BMO Global Asset Management (BMO GAM) has revealed that responsible investing dominated its engagement with businesses.
The firm, which will rebrand to Columbia Threadneedle Investments in July 2022, released its 2021 Stewardship Report this month. The report highlighted its engagement with over 940 companies globally, on key issues including labour standards, climate change and biodiversity.
Nealy half of all engagements, 45 percent, focused on social issues, with labour standards a primary focus. Following closely behind, 43 percent focused on environmental issues and 22 percent on governance issues.
The majority (85 percent) aligned with the United Nations Sustainable Development Goals.
The report highlights companies’ aims to drive positive change at investee companies, with 25 percent more companies engaged with than in 2020.
The report also recorded 388 ‘milestones’ were achieved, where companies improved ESG policies and practices in alignment with BMO GAM’s engagement objectives.
Of the 388 ‘milestones’ achieved, 44 percent were linked to corporate governance, 22 percent to climate change, and 14 percent linked to labour standards.
Labour standards were a key focus area as BMO GAM aimed to continue efforts to engage on the living wage in retail and garment sections.
Engagement also aimed to focus on encouraging workplace diversity, both on gender and ethnicity. It did so by joining the US 30 percent Coalition, as well as the newly founded 30 percent Club in France, whilst continuing to work with the Interfaith Center on Corporate responsibility (ICCRR) on racial equity.
It also launched a dedicated engagement with more than 50 German companies listed on the mDAX focused on executive board and senior leadership diversity, policies, and implementation programmes to enhance workforce diversity.
Climate change was also seen as a priority for BMO GAM in 2021. Action to address climate change accounted for 23 percent of all engagement activity.
It called for companies to set shorter-term interim targets for climate change matters, as well as for the integration of climate goals in governance structures and executive pay and reporting in line with the Task Force on Climate-related Financial Disclosures (TCFD).
Climate change engagement ranged across sectors and regions and included fossil fuel firms, energy consumers, and the finance sector.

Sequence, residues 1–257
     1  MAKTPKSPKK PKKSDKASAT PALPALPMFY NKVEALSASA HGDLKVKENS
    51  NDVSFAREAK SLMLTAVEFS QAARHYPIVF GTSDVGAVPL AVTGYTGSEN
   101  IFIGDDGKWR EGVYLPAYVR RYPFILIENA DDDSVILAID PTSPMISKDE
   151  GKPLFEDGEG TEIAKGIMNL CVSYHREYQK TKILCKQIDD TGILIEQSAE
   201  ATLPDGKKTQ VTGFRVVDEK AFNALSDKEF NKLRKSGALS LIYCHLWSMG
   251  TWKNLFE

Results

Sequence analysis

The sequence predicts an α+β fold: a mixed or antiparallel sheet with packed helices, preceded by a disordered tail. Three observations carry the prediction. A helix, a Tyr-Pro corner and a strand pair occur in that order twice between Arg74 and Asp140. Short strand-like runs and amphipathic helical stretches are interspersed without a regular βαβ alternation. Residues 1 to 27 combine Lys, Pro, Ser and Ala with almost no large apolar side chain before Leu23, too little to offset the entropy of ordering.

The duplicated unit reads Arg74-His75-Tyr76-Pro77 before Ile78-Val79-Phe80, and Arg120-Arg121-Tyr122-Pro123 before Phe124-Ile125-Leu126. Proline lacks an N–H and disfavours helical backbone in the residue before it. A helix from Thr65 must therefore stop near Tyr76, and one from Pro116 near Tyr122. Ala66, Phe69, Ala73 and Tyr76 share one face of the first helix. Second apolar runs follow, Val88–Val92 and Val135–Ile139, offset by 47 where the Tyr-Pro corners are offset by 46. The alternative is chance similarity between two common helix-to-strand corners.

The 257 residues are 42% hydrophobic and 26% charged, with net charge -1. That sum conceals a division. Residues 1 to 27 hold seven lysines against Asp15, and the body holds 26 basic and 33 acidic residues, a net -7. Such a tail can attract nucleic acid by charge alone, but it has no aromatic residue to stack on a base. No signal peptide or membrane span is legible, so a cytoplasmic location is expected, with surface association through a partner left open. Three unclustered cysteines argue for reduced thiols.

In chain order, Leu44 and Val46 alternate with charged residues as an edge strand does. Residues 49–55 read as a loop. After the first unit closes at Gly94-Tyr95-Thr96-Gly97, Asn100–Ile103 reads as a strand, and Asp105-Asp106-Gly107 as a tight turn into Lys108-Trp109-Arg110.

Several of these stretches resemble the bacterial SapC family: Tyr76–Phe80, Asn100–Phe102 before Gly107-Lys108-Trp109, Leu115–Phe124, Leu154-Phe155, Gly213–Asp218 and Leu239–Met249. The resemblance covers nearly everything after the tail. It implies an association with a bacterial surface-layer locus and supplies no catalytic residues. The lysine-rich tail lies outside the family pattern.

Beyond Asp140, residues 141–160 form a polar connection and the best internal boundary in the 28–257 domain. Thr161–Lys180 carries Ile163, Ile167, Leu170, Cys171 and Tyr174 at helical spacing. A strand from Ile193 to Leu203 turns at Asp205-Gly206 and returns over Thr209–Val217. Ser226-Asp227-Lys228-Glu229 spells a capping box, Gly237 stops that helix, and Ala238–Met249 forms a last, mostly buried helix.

Finally, BMO GAM aimed to engage with companies to explore biodiversity-related impacts and dependencies. Over two fifths of the 2021 ‘milestones’ were linked to corporate governance to understand how companies incorporate current environmental initiatives under a biodiversity umbrella.
It also developed a proxy voting policy focusing on companies with high exposure to biodiversity impacts but lacking adequate disclosure. As well as this, BMO GAM joined the Investor Policy Dialogue on deforestation, focusing on sovereign engagement in Brazil and Indonesia.
Furthermore, it signed a letter calling for a global framework on biodiversity, as well as letters to both EU and UK authorities, urging agricultural policies to be designed to restore biodiversity and address climate change.
It is also a member of the PRI Sustainable Commodities Practitioners’ Group and collaborates with other investors under the FAIRR Sustainable Proteins initiatives.
Claudia Wearmouth, co-head of responsible investment at BMO GAM, said: “The huge groundswell of interest in responsible investing can leave no doubt that investors have high expectations of company ESG performance, and will not hesitate to use their voice and their vote to drive change.
“2022 will see us continue this work and widen our environmental agenda to include a greater focus on biodiversity, including our leadership in founding the Nature Action 100 initiative.”
BMO Global Asset Management (BMO GAM), aimed to strengthen its responsible investment team with the appointment of two specialists last year.